His phone has not stopped ringing ever since the foreign players of Quetta Gladiators pulled out of Sunday’s Pakistan Super League (PSL) final in Lahore.
But even then, the PSL chairman, Najam Sethi is not really concerned about the controversy-ridden league’s future. Rather, the Pakistan Cricket Board (PCB) is now gearing up for a legal battle against the Board of Control for Cricket in India (BCCI), for failing to keep its ‘promises’.
For the last few months, the PCB has threatened the Indian cricket board of dire consequences for dishonouring the Memorandum of Understanding (MoU) the latter had signed in 2014. But, during an exclusive interaction with Sportstar on Thursday morning, Sethi admitted that the PCB officials will discuss the issue, after the PSL gets over on Sunday.
“The PCB is seriously mulling legal action against the BCCI for not fulfilling the terms of its contracts with the PCB and the ICC,” Sethi said.
The BCCI had signed a MoU with the PCB in 2014, in which it had promised to play six series between 2015 and 2023. But, with the Indian government not issuing a clearance, there hasn’t been any bilateral series ever since.
Even, the PCB’s request of hosting the series in a neutral venue was turned down by the erstwhile BCCI chief Anurag Thakur. And now, with the Committee of Administrators (CoA) looking after the cricketing body, the PCB officials feel it is time to strike back.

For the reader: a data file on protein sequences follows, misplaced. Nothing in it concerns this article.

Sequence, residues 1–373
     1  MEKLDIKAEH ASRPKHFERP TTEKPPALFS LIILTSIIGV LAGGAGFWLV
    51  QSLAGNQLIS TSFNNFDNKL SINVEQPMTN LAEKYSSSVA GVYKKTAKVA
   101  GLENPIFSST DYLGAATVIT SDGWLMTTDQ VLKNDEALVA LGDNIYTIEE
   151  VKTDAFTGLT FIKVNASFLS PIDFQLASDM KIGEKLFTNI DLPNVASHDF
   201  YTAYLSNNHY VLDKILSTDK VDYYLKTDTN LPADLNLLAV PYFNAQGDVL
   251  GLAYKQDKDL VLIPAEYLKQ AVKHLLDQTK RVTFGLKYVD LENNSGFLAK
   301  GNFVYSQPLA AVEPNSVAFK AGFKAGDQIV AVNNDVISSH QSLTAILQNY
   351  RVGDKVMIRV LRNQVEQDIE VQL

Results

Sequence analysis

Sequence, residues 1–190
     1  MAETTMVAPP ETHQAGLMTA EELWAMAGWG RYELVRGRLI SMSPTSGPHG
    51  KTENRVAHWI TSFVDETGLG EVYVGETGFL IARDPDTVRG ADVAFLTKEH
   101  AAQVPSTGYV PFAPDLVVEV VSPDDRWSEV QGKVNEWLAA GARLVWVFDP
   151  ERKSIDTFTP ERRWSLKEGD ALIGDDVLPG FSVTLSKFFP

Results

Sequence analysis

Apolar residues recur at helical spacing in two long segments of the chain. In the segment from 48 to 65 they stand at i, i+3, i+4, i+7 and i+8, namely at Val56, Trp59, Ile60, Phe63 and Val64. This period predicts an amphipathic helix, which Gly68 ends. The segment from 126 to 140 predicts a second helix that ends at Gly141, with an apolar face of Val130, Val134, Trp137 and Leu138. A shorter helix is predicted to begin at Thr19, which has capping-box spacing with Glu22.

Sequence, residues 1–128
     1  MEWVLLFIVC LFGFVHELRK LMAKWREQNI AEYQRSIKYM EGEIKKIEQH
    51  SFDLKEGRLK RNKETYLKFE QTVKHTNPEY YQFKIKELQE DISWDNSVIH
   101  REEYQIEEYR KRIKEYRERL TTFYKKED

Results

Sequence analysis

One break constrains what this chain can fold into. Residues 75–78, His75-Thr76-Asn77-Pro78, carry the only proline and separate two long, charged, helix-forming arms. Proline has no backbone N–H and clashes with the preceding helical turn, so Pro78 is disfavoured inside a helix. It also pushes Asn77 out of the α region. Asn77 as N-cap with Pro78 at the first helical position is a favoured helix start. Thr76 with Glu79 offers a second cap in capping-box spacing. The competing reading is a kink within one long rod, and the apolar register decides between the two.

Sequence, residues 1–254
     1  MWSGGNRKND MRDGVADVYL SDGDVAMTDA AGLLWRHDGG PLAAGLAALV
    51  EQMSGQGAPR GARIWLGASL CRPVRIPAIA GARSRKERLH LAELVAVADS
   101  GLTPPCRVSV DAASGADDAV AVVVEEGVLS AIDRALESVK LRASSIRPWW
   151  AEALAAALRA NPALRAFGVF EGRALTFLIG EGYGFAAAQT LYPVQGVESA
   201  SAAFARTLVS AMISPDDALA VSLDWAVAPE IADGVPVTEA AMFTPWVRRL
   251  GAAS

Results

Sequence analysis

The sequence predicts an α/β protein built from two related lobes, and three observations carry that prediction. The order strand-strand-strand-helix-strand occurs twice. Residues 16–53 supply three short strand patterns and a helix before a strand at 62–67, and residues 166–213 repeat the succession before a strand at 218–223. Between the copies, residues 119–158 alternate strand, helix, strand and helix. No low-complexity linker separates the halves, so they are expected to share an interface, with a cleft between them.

“We know everything depends on normalisation of relations between the two countries. It is the Indian government and the BCCI that have brought politics into the equation, because the PCB is ready to play India in any third or neutral country,” said Sethi, who is also the chairman of the PCB’s Executive Committee.
The PCB had, reportedly, suffered a 200 million dollar loss after India refused to play bilateral series against Pakistan. And, now with the England players — Kevin Pietersen, Tymal Mills and Luke Wright — pulling out of the PSL final citing security reasons, Sethi feels that only a India-Pakistan bilateral series can save cricket in the country.
“The way forward is for India and Pakistan to play cricket, preferably on each other’s home grounds. The cricket teams should play in member countries and not succumb to blackmailing and terrorising political parties or groups,” the veteran administrator added.
Earlier, former Sri Lanka skipper Kumar Sangakkara and the West Indies’ Chris Gayle had decided not to travel to Lahore for the PSL final as they feared security breach.
But Sethi is not too worried about security arrangements. “Only two out of a dozen foreign players have pulled out. That’s not a big deal. We have a pull of 50 players ready to come to Lahore at just 24-hour notice. Come Sunday (March 5), the two teams will play four foreign players of repute as prescribed,” the PSL chief pointed out.
While the PCB’s decision to host the final in Lahore hasn’t gone too well with some of the former cricketers, Sethi claims that that the PSL has been able to draw more eyeballs than the Indian Premier League (IPL).
“The PSL has climbed the charts in every way. It is now grossing more eyeballs than any other league, perhaps even the IPL,” he claimed.
With the security beefed up at the Gaddafi Stadium in Lahore, the PCB is leaving no stone unturned to ensure that the controversy-ridden gets over without further hassles. After all, all’s well that ends well!
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